Who are Lapsus$ hacker group and what are their most recent cyberattacks?

The Lapsus$ hacker group first made news in December 2021 when it conducted a ransomware attack against the Brazilian Ministry of Health, exposing millions of Brazilians’ COVID-19 vaccination data. After that, with a succession of cyberattacks against a variety of high-profile targets, the group has made a reputation for itself.

The Lapsus$ hacking gang disclosed that it had stolen data from big-name companies including Microsoft, Samsung, and Okta. Following previous Lapsus$ attacks, it is thought that their approach is ransomware, and if they do not get their demands, the data will be leaked online. There is no evidence that ransomware engages in the Lapsus$ attacks since no data is encrypted. However, this does not remove the fact that the attacks are destructive. One of the latest victims of Lapsus$ is enterprise identity and access management provide by Okta.

In a tweet, Lapsus$ hacker group stated they had admin privileges at Okta, a company that provides commercial multi-factor authentication. Following a comprehensive examination of these claims, Okta determined that a limited number of customers 2.5 percent may have been affected and whose data may have been seen or acted upon. Okta has identified those customers and have already contacted them.

According to Okta CISO David Bradbury:

“We are actively continuing our investigation, including identifying and contacting those customers that may have been impacted. There is no impact to Auth0 customers, and there is no impact to HIPAA and FedRAMP customers.”

Since then, Lapsus$ has claimed to have gained access to a support engineer’s laptop and has shared screenshots alleging system access. The following images were shared on Telegram and other social media platforms.




Okta received a report from the forensics firm this week after the service provider’s inquiry was completed. A hacker had access to a support engineer’s laptop for a five-day period between January 16 and 21, 2022, according to the study.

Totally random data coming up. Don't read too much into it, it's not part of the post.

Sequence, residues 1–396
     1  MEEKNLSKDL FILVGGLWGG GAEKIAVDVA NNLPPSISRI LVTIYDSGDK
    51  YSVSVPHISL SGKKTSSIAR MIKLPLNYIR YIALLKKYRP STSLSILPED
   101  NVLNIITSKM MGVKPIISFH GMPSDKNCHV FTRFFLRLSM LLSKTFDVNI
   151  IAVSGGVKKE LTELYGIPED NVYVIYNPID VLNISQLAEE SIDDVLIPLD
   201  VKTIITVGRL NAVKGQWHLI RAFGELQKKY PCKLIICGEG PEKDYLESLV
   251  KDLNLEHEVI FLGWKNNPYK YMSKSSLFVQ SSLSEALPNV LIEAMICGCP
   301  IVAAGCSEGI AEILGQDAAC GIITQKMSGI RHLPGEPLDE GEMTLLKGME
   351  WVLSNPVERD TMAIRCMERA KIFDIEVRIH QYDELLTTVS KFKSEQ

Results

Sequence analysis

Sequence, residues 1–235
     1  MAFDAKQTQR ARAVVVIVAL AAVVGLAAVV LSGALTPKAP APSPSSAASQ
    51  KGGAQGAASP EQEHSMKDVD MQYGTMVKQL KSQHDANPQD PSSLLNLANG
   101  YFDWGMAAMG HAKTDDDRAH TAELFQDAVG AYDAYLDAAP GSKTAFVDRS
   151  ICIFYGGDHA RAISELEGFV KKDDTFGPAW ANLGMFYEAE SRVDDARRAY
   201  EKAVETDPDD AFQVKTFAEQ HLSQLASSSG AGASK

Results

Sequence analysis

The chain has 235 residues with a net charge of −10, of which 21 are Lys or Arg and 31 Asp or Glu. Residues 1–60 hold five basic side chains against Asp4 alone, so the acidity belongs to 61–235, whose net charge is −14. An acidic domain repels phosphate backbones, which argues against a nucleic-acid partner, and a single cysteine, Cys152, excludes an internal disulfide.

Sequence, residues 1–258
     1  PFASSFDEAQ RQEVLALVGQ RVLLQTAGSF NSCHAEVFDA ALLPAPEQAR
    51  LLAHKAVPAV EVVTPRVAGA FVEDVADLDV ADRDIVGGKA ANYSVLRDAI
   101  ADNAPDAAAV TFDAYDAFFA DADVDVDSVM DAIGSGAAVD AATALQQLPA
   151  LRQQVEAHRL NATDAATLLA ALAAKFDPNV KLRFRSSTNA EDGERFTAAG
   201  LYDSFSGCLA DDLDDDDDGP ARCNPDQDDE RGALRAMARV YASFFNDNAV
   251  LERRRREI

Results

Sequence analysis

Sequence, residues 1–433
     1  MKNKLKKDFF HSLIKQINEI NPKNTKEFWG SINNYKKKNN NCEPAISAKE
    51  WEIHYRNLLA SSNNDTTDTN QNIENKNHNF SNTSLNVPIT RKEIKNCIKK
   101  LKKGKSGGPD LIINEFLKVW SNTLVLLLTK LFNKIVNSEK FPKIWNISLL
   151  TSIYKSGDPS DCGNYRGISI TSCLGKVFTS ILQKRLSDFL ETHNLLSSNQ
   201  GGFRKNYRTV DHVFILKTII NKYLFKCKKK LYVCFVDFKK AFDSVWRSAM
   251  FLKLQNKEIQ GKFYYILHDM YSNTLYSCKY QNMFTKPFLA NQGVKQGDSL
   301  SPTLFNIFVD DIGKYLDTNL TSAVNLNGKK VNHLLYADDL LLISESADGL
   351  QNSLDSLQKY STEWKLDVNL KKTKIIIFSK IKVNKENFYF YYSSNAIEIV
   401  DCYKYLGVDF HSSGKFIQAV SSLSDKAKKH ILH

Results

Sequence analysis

In a tweet Okta admitted that they made a mistake:.

Todd McKinnon the CEO of Okta tweeted the following statement in response to the incident:

“We believe the screenshots shared online are connected to this January event. Based on our investigation to date, there is no evidence of ongoing malicious activity beyond the activity detected in January.”

Another attack occurred; Samsung has confirmed a data breach involving a hacker’s group that appeared to have stolen 190GB of code from the company’s top Galaxy smartphone line. Samsung confirmed that the breach would have no impact on consumers or the company’s operations but there is still critical concern. The Lapsus$ leak warning did not end there, with allegations that biometric unlock algorithms, bootloader source code, and Samsung activation server code also being hacked.

According to CNBC, a Samsung spokeswoman said:

“According to our initial analysis, the breach involves some source code relating to the operation of Galaxy devices but does not include the personal information of our consumers or employees.”

The attacks go on; Lapsus$ has also revealed that Microsoft has been hacked. The hackers have released a torrent file claiming to have source code from Bing, Bing Maps, and Cortana, even though the company claims the attackers only had limited access.

Lapsus$ also posts messages on its public Telegram channel, urging prospective malevolent insiders to come forward with VPN, VDI, or Citrix credentials in return for an undetermined payment in an unidentified currency.

After the attack on Okta, a report identified an England-based teenager as the hacker group’s leader, with another teenage member living in Brazil. One of the group’s members is said to be so good at hacking that researchers mistook their activity for automated. Seven teens were arrested by London police on March 24th in connection with the Lapsus$ group.

Any individuals who believe their account has been hacked should change their password immediately. Businesses should also teach their employees how to spot phishing emails and report them in addition to providing Security Awareness Training.

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